Germany made a noise something like agreement. He didn't think this was really the appropriate time for this conversation. But then, there never would be, would there?
"Germania should probably be the one doing this, huh? I guess you'll just have to settle." Prussia stared up at him, his gaze hard yet sympathetic. "If you ever hurt him, I swear to God I will come back from the dead – and I'll bring Germania and Rome with me – and we will give you the ass kicking of a lifetime. You hear me?" His voice sounded strange; not as assertive or confident as usual. Weaker, almost. Germany bit back a sob.
"J-Ja. I understand."
Germany rested a hand on his brother's chest. He felt his heartbeat; faltering and faint, but still a heartbeat. He sighed. It wasn't fair. Prussia was strong. He was old and battle-scarred and wise and strong. But here Germany sat, with the older nation's head on his lap, listening to his last words. Neither of them spoke for some time. Prussia's eye fluttered shut, and his breathing became laboured. Germany felt his throat close up as more tears rose to his eyes. His hands shook.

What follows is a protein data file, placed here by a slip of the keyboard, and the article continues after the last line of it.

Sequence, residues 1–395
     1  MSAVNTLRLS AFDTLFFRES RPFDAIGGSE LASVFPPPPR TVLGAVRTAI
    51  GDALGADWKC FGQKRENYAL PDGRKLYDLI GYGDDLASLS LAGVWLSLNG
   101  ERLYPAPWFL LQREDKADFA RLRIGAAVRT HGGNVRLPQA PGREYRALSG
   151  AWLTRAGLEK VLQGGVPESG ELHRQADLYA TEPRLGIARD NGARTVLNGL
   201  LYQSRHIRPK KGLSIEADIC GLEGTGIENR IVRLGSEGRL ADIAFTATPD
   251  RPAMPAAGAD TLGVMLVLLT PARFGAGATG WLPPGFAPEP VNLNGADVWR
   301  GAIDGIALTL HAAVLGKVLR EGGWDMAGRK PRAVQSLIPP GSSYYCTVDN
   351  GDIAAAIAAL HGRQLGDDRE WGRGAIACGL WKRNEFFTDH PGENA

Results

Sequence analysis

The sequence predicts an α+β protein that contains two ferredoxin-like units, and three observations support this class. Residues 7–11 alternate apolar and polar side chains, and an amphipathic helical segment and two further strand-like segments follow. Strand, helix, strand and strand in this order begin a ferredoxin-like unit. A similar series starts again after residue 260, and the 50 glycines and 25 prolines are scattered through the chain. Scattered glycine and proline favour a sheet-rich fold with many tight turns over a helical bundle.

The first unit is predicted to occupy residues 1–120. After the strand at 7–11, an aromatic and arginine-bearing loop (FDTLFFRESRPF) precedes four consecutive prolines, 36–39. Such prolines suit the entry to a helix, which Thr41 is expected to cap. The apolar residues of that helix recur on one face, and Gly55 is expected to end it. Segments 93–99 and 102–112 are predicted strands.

"Hey, West?" Prussia whispered, not even bothering to open his eyes.
"I love you."
Germany was quiet for a moment or two, trying to find his voice again. "I love you, too."
Prussia smiled and moved his hand to lace his fingers with Germany's. They were too cold, too thin, too unlike Prussia. It wasn't how it should have been.